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Adult Laparoscopic Nissen Fundoplication
WHAT YOU SHOULD KNOW:
- A laparoscopic (lap-ah-ROS-kop-ik) Nissen fundoplication (fun-do-pli-KA-shun) is a surgery to treat gastroesophageal reflux disease (GERD). GERD occurs when the lower muscle of the esophagus, called the lower esophageal sphincter, does not close properly. The esophagus is the tube that carries food and liquid from the throat to the stomach. GERD causes acid and food in the stomach to reflux (back up) into the esophagus. When the acid irritates and damages the esophagus, it may cause a burning feeling called heartburn.
- With a laparoscopic Nissen fundoplication, small incisions (cuts) are made in your abdomen (stomach). Caregivers will insert special tools and a laparoscope through these incisions to do the surgery. A laparoscope is a long metal tube with a light and tiny video camera on the end. This gives caregivers a clear view of the abdominal area while watching the images on a monitor. During this surgery, your caregiver wraps the upper portion of the stomach around the esophagus. This is done to put pressure on the lower esophageal sphincter and prevent reflux. With a laparoscopic Nissen fundoplication, the symptoms of GERD may be relieved and damage to your esophagus prevented.
- Keep a current list of your medicines: Include the amounts, and when, how, and why you take them. Take the list or the pill bottles to follow-up visits. Carry your medicine list with you in case of an emergency. Throw away old medicine lists. Use vitamins, herbs, or food supplements only as directed.
- Take your medicine as directed: Call your primary healthcare provider if you think your medicine is not working as expected. Tell him about any medicine allergies, and if you want to quit taking or change your medicine.
- Antibiotics: This medicine is given to fight or prevent an infection caused by bacteria. Always take your antibiotics exactly as ordered by your primary healthcare provider. Do not stop taking your medicine unless directed by your primary healthcare provider. Never save antibiotics or take leftover antibiotics that were given to you for another illness.
- Pain medicine: You may need medicine to take away or decrease pain.
- Learn how to take your medicine. Ask what medicine and how much you should take. Be sure you know how, when, and how often to take it.
- Do not wait until the pain is severe before you take your medicine. Tell caregivers if your pain does not decrease.
- Pain medicine can make you dizzy or sleepy. Prevent falls by calling someone when you get out of bed or if you need help.
Ask for information about where and when to go for follow-up visits:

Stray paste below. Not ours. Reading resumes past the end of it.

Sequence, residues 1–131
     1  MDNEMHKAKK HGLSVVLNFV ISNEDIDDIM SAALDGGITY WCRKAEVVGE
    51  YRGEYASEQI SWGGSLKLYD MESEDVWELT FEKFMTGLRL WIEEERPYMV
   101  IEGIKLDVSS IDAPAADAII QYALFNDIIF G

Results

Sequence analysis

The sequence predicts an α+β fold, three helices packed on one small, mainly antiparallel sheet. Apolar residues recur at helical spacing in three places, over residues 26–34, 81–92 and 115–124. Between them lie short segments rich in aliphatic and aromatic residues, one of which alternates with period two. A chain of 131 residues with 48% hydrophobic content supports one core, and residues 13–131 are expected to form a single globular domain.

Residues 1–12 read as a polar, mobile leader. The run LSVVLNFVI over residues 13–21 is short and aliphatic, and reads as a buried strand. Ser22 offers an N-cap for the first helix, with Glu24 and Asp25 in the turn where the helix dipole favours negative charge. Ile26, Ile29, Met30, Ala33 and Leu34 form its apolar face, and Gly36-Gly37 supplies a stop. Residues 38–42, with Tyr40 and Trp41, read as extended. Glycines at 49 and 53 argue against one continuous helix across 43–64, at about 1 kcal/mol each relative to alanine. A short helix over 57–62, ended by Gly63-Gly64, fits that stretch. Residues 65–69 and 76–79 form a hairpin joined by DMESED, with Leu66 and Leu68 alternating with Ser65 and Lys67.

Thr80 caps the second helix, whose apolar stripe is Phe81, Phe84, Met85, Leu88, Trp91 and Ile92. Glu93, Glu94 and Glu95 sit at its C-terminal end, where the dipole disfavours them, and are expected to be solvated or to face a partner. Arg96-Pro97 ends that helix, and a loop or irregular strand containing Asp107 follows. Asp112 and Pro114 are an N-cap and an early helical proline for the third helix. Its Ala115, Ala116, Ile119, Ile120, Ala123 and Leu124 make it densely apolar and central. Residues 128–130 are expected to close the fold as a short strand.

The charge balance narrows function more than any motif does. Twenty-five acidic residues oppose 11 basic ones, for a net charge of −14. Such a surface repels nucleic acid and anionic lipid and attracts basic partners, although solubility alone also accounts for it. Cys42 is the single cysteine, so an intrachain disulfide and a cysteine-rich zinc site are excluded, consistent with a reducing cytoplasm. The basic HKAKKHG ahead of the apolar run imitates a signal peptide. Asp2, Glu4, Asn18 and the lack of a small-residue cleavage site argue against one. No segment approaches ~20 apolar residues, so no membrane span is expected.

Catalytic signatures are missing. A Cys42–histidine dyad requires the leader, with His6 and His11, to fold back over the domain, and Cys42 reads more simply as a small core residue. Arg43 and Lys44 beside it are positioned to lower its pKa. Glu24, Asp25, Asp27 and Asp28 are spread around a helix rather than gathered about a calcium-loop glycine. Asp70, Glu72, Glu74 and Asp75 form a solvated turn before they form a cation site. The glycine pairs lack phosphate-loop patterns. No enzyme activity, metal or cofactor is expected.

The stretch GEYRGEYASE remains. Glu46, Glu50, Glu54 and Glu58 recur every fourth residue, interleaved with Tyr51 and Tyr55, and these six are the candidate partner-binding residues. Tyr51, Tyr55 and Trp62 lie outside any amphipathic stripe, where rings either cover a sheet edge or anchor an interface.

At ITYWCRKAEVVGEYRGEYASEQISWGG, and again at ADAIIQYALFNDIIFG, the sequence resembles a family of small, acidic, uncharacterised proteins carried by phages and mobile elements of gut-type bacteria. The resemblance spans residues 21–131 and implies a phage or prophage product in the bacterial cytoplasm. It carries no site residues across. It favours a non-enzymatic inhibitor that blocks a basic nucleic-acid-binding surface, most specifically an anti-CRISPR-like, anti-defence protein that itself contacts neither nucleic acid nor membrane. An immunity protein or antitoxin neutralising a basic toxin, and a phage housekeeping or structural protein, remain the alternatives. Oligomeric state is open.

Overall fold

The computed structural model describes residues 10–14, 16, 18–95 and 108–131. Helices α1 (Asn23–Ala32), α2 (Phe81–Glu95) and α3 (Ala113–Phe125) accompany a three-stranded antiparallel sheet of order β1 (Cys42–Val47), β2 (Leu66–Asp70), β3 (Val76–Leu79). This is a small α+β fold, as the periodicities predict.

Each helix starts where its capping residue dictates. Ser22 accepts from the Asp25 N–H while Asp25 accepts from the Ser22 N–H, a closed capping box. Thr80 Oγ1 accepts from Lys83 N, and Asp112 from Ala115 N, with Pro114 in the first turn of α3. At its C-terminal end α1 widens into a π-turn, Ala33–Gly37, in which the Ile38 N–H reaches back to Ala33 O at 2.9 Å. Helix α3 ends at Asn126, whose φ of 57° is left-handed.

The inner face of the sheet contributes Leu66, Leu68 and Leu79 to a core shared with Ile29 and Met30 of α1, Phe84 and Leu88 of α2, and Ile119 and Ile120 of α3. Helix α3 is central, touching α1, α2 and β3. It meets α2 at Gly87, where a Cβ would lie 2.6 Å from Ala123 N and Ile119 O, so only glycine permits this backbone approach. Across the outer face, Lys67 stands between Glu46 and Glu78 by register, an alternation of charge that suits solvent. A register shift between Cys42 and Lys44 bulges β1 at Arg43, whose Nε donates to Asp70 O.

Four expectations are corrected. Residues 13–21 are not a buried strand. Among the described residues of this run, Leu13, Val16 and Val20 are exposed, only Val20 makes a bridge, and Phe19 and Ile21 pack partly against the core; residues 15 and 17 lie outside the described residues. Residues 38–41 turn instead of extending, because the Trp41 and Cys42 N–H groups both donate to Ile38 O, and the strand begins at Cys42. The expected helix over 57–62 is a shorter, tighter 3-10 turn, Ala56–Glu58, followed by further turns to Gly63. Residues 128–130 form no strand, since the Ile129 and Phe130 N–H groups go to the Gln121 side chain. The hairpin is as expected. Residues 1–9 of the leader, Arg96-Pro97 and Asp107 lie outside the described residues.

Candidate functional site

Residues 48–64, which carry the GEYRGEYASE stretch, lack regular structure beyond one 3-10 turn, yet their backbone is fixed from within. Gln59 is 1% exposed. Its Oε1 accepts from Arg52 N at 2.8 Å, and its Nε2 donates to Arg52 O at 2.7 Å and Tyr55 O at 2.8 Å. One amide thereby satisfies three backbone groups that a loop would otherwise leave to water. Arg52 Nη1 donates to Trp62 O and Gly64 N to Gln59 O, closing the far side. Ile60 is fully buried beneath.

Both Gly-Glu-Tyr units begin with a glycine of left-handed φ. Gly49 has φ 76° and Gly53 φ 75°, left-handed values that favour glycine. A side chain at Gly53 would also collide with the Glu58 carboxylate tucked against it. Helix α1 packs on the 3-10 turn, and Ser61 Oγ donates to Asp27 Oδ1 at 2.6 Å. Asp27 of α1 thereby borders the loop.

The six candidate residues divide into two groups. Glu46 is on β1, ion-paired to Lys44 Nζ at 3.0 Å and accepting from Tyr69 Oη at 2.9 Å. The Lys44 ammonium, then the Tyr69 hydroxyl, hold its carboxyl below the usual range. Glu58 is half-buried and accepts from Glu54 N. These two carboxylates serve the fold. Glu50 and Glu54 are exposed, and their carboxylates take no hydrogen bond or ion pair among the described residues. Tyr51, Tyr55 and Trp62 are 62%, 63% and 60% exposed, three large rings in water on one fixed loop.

For continuing care, treatments, or home services, ask for more information.
Bathing with stitches:
Follow your primary healthcare provider's instructions on when you can bathe. Gently wash the part of your body that has the stitches. Do not rub on the stitches to dry your skin. Pat the area gently with a towel. When the area is dry, put on a clean, new bandage as directed.
As you recover from surgery, you may be given soft foods to eat or thickened liquids to drink. You may be placed on a full diet as your swallowing gets better. A caregiver, called a dietitian, may talk to you about your feeding and nutrition. A swallowing therapist may also help if you continue to have trouble swallowing. This person has special training to help people learn safer ways to swallow. The swallowing therapist will also help you learn which foods and liquids are safe to eat and drink. You may also need to do the following to prevent swallowing too much gas (air) and keep your stomach from swelling:
- Avoid drinking carbonated beverages, such as sodas, colas, sparkling water, lemonade, and fruit punch.
- Do not suck sweets, chew bubble gum, or use a straw when drinking.
- Eat slowly, take small bites, and chew your food well.
Rest when you need to while you heal after surgery.
Slowly start to do more each day. Return to your daily activities as directed.
CONTACT A CAREGIVER IF:
- You have a fever.
- You have chills, a cough, or feel weak and achy.
- You have nausea (upset stomach) or vomiting (throwing up).
- Your skin is itchy, swollen, or has a rash.
- You have chest pain or trouble breathing that is getting worse over time.
- You have questions or concerns about your surgery, condition, or care.
SEEK CARE IMMEDIATELY IF:
- You feel so full and cannot burp or vomit (throw up).
- You have pus or a foul-smelling odor coming from your incision.
- You have trouble swallowing.
- Your abdomen becomes tender and hard.
- Your bandage becomes soaked with blood.
- Your bowel movements are black, bloody, or tarry-looking.
- Your vomit looks like coffee grounds or has blood in it.
- You suddenly feel lightheaded and have trouble breathing.
- You have new and sudden chest pain. You may have more pain when you take deep breaths or cough. You may cough up blood.
- Your arm or leg feels warm, tender, and painful. It may look swollen and red.
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The above information is an educational aid only. It is not intended as medical advice for individual conditions or treatments. Talk to your doctor, nurse or pharmacist before following any medical regimen to see if it is safe and effective for you.